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November 1958 Jeep News

• CATEGORIES: Advertising & Brochures, Features • TAGS: , This site contains affiliate links for which I may be compensated.

At twelve pages, the November 1958 Jeep News is one of the largest issues published.

Page one contains various dealer info stories. Page two discusses the growth of jeep clubs and their potential as unofficial ‘salesmen’ for the product and brand. Also on page two is a discussion of the jeep-name origin. You’ll note the appearance in that discussion of the term “G P”, which I’ve yet to see definitive proof to if being used prior to the introduction of the Ford GP in early 1941. Bill Norris was able to locate a blurb, possibly from May of 1942, that suggests the letters “G P” that “appeared on all orders for the specifically made car”, however it’s not clear which orders such letters appeared on or when they appeared. But, it’s an avenue worth exploring.

Page three highlights dealer news, while page four shares how popular jeep exhibits had become at local and state fairs. Page five covers the importance of lighting to jeep dealerships, while page six and seven announce that dealerships have penetrated areas all over the US, though none of the dealerships shown are west of Oklahoma (still 1300 miles to LA from OK). Page eight and nine are again mostly dealer news, though page nine does cover a druggists satisfaction with the new DJ-3A dispatcher.

Pages ten and eleven have a wide variety of stories, but I thought the custom DJ-3A “The Goody Cart” ice cream jeep on page ten was particularly interesting. Page twelve covers a story about some jeepers capturing California horse rustlers.

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6 Comments on “November 1958 Jeep News

  1. David Eilers Post author


    There are multiple theories, but little proof to back up the theories as to whom applied the name jeep and how it was derived.

    1941 article mentions a wide variety of the uses of the word “jeep”:

    The term “jeep’ was used in a variety of contexts by 1940. Here are a couple examples:
    Used in a 1939 publication:

    In 1940 it was also used to refer to a tractor, a sort-of precursor to the jeep tested by military:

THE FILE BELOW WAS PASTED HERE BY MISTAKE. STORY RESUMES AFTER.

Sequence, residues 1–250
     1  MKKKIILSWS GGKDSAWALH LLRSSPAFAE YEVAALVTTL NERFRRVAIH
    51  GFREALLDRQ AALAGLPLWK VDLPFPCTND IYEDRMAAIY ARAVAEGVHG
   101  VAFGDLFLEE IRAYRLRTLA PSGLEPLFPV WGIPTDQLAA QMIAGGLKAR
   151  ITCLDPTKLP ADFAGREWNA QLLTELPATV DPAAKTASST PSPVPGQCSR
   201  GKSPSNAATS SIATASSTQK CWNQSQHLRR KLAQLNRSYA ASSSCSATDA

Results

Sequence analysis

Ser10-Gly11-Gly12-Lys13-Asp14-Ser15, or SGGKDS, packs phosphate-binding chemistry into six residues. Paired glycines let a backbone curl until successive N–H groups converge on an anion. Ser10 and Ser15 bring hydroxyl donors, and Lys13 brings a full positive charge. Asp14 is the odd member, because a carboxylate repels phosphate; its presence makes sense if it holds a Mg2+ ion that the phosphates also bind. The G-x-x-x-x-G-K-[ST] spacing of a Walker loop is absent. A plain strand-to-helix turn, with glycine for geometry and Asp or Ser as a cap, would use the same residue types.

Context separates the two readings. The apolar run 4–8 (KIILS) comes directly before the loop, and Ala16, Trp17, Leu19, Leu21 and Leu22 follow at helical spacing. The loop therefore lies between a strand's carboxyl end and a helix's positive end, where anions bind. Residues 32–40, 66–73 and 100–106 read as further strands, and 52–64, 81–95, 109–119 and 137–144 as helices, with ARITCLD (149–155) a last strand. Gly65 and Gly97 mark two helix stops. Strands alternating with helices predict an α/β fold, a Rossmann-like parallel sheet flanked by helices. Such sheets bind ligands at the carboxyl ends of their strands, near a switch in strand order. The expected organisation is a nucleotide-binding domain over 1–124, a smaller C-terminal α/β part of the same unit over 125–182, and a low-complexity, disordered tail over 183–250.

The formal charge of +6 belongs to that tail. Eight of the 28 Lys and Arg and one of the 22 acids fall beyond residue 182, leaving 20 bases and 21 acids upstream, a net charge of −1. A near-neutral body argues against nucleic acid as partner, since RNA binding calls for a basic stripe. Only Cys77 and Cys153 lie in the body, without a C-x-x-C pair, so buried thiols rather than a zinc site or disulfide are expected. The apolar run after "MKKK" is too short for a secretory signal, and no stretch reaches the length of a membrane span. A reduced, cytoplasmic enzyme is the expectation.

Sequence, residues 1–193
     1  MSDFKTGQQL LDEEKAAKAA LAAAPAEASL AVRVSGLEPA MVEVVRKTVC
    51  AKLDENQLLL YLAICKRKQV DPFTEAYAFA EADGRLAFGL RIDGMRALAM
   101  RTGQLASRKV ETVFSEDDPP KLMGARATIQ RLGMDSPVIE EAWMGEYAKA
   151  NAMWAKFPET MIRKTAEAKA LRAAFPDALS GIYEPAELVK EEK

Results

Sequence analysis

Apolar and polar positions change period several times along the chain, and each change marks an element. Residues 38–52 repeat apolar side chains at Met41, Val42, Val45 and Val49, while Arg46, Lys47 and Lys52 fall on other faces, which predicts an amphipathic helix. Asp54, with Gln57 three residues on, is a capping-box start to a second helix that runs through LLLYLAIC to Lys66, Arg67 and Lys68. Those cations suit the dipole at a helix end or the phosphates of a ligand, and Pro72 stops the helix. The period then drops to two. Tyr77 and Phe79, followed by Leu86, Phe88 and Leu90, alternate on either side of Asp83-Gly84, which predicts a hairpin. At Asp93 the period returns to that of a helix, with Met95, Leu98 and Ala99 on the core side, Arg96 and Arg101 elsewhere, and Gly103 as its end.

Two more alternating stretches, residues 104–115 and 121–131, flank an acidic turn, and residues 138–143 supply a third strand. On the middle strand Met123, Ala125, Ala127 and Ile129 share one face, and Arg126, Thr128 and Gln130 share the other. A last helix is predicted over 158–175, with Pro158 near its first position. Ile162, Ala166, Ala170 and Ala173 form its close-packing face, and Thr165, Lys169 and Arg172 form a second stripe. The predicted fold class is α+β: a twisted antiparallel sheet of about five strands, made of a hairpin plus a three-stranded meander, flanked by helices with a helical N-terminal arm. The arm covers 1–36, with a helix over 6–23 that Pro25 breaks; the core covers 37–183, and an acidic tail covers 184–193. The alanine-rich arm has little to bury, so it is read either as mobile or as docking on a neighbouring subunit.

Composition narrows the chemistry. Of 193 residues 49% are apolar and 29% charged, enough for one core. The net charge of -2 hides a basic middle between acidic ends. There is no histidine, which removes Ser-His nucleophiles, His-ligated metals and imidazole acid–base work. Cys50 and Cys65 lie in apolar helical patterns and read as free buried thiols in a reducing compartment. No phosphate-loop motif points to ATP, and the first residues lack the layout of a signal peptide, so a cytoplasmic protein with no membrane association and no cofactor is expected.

In 1940 and earlier it was used as a term in Hollywood for a prop box:

    In 1937 it referred to a style of swing dance:

    Eugene the Jeep first appeared in 1936, but was the term in use already?

    Some resources, like this site, claim the term “jeep” was used to describe some US soldiers during WWI, but I have seen no documents to back that up (I searched newspapers for the term, but 99% of the results are OCR mistakes of keep or deep).

    Even the Old English Dictionary, usually a great source for word history) is confused about the etymology of the term “jeep”, claiming it’s history dates to 1942 (obviously wrong).

    Lots of confusion!

    – Dave

  2. Barney Goodwin

    I appreciate these papers posted and the information challenging theories previously set as gospel including the naming of the Jeep as such. Having known motor pool vets of WW2, I affectionally adhere to the Eugene The Jeep, the cartoon animal who could do anything. But I agree with Dave as to a lot of confusion. The article mentions 2 things of interest to me here: The Willys employee delivering a prototype and naming it Jeep (without provenance) to clean up government jargon. My problem with that is the jargon referred to was not the government’s, but Ford’s. Ford had several vehicles in production for the war effort that began with GP, my source being a 1944 ed of Ford’s wheeled vehicle parts catalogue the size of an early NYC phone book. According to that book, the official name for the Ford GP. GPW was Reconnaissance Car, ¼ ton etc. Willys’ was Scout Car, ¼ ton etc. Official badging of the name Jeep was not on the vehicle until late ’44 when it appeared 3 places on the Willys MB: data plate, engine head. , and on the frame tag along with the words “SCOUT CAR”. But to confuse the issue further, we have a 1942 post card sold in the Army PX showing a drawing of a Bantam BRC flying through the air with a GI flying behind the steering wheel. Above it reads,” A JEEP IS A SMALL SCOUT CAR…RATHER LOOSE FITTING” . Happy New Year from Barney’s Jeep Parts!

  3. JohnB

    I believe “jeep” was commonly used to describe something small.
    The Jeep was the smallest common military vehicle, so I think it fits.

    Two examples: “Jeep” Escort carriers which entered service in 1942.

    And lesser known…
    The Curtiss AT-9 “Jeep”, a two-seat high powered twin engine trainer, designed to mimic “hot” (high performance aircraft with high landing speeds) medium bombers for pilots in training.

    Obviously, neither of these have any resemblance or connection to the “Jeep” vehicles, (although the small escort carriers could go and were used everywhere) so were not named after it.
    That’s my theory.

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